Between the Water and Fire of Peruvian Volcanoes

Illustration of a volcano. (Credit: © EPSL)

Water and fire coexist under volcanoes to generate “hydrothermal” systems: complex “steam engines” producing white smoke called “fumaroles” that is sometimes observed at the surface. IRD researchers and their partners have just demonstrated why these reservoirs are not always found under the volcanic peaks. For certain structures such as the Ticsani and Ubinas in Peru, where the volcanologists conducted their study, resurgences occur more than 10 km from the top of the dome. Their numerical model shows that the position of the hydrothermal systems depends on regional topography, which may significantly deviate subsurface flows.

Volcanic activity indicators

Most active volcanoes have an internal hydrothermal system, resulting from the infiltration of rainwater, which in contact with the magma, acidifies, heats up, boils and is partly vaporised. Variations in the movement and volume of these liquids or gases reflect changes in volcanic activity. In some eruptions, when magma breaks up in contact with the hydrothermal system, explosive-type eruptions may occur. In the long term, this hydrothermal activity may also contribute to destabilising the volcanic edifice, by altering the rocks. Its position also indicates the permeability of the volcanic rocks. Locating it precisely in the sub-soil helps better estimate the permeability, one of the key parameters of the physical processes at work within volcanoes.

Locating water under the volcano

To understand and better anticipate the unpredictable behaviour of a volcano, it is essential to accurately locate these hydrothermal systems. In fact, they are not necessarily located at the top, as the two Peruvian volcanoes, Ticsani and Ubinas, studied by the research team, demonstrate. Hydrothermal resurgence actually appears more than 10 km downstream from the top of each formation, while only a few events are observed in the hollow of the crater. The researchers firstly measured the soil temperature — up to 37°C at the surface of Ticsani — and hot springs — from 9 to 94°C — as well as the electrical potential created by the movement of fluids in the sub-soil. With this new set of data, they developed a numerical model to explain the asymmetric distribution of hydrothermal fluids.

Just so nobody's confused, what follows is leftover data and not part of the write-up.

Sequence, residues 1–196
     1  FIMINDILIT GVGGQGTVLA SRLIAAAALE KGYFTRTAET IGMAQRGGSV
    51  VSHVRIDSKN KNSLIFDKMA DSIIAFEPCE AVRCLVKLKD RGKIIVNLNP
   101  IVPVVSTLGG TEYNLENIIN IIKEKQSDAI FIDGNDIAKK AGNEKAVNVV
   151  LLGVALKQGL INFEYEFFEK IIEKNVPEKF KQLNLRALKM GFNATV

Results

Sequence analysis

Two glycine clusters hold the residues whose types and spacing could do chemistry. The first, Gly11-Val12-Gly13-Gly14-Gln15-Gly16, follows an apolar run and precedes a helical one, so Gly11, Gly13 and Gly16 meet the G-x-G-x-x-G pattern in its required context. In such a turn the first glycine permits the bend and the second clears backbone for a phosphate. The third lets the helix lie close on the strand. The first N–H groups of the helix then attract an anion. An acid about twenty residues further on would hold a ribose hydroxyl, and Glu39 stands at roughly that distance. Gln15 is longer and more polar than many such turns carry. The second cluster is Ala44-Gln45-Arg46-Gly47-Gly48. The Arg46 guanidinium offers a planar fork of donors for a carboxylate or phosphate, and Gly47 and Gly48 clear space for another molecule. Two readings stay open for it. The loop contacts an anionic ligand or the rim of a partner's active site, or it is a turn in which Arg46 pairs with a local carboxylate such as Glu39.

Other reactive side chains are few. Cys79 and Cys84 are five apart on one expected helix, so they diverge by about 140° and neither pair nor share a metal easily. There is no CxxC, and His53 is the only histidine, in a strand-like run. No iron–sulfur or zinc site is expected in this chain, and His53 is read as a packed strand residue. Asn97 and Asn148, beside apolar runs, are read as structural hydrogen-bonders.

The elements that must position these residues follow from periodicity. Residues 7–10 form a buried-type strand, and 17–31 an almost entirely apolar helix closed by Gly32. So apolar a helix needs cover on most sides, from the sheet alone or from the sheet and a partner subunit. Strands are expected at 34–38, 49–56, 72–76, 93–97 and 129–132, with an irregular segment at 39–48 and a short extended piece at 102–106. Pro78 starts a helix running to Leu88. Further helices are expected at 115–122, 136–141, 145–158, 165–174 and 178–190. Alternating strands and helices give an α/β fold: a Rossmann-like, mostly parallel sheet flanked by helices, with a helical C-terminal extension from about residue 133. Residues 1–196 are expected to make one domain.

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Major role of the regional landscape

The Ticsani and Ubinas have an atypical profile: peaking at 5,408 and 5,672 metres respectively, they are characterised by a significant difference in altitude between their upstream and downstream sides. Numerical simulations for these two volcanoes show the influence of the regional topography on the position of the hydrothermal system: the considerable altitudinal gradient observed is able to significantly divert the flow of thermal water, shifting groundwater several kilometres in relation to the volcanic cone.

The Ubinas and Ticsani are two of the most active volcanoes in Peru located near the second largest Peruvian agglomeration, Arequipa, which has almost one million inhabitants, and the city of Moquegua. This work helps to locate the water under the volcanoes and to characterise the permanent boiling in their belly. It thus contributes to better monitoring of these threatening giants and better management of eruptive crises.

Note : The above story is based on materials provided by Institut de Recherche pour le Développement (IRD).